# Confusion with literals, arithmetic in C

I wrote the following code with an expectation that it output `211`, but when I compile and run it, I see `137`.

Could someone please explain what's going on? Thanks.

``````‎#include <stdio.h>

int main()
{
int binary1,binary2;

binary1 = 0100;
binary2 = 0111;

printf("%d\n", binary1 + binary2);

return 0:
}
``````
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Even if those were binary numbers, you'd get `8 + 11 = 19`. –  Peter Jul 15 '12 at 19:18

These are not binary numbers but octal (base 8):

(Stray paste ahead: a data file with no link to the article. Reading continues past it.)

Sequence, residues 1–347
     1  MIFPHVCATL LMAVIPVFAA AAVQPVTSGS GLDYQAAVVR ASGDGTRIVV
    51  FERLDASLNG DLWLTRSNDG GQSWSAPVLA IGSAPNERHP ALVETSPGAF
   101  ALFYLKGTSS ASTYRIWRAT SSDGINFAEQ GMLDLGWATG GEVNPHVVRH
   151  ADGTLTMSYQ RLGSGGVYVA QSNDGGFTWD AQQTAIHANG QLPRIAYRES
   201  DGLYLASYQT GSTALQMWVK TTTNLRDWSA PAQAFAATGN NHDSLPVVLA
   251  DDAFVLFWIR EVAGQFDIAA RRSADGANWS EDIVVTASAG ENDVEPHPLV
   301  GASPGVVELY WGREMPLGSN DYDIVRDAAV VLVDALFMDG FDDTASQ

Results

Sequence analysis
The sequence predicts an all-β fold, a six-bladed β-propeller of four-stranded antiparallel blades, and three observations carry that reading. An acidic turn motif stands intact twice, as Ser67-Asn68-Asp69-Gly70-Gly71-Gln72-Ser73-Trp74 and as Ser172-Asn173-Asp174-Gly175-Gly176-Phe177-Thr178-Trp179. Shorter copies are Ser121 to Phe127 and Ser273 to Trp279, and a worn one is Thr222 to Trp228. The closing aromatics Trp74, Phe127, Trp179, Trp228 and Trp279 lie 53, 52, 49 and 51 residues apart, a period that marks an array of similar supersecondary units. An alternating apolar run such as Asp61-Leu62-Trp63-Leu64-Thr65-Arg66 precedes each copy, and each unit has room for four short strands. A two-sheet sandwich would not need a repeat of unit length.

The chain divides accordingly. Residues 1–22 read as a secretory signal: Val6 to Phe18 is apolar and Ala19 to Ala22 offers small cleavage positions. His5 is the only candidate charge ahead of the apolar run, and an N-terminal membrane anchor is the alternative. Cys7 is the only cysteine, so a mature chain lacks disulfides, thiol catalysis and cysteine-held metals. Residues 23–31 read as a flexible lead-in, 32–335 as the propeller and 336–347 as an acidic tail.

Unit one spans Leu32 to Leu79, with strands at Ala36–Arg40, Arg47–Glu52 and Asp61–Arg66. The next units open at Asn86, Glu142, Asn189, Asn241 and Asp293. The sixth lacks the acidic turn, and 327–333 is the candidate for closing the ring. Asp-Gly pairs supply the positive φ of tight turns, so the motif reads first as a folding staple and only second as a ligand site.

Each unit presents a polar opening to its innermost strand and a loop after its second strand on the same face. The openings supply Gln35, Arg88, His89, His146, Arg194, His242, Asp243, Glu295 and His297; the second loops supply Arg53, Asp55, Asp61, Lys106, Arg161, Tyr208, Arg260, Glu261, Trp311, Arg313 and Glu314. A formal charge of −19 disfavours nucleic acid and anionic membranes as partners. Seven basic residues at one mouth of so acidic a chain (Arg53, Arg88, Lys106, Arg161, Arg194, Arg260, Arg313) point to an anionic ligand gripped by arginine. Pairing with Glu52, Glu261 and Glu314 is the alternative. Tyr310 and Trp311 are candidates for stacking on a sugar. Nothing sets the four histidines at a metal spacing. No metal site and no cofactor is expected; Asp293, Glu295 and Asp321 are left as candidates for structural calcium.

``````binary1 = 0100; // = 64
binary2 = 0111; // = 64 + 8 + 1 = 73

printf("%d \n", binary1 + binary2); // = 64 + 73 = 137
``````
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Because `%d` prints out the numbers in decimal. If you want to print octal numbers, you would need to use `%o`, which would print out 211.

• `%d`: decimal => 137
• `%o`: octal => 211

`printf()` does not know you defined the numbers in octal.

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The leading zeroes in 0100 and 0111 means the numbers are to be interpreted as octal numbers. 100 in octal is 64 in decimal and 111 in octal is 73 in decimal.

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Both numbers are in octal, and add them in base 8.

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``````so 64+73 = 137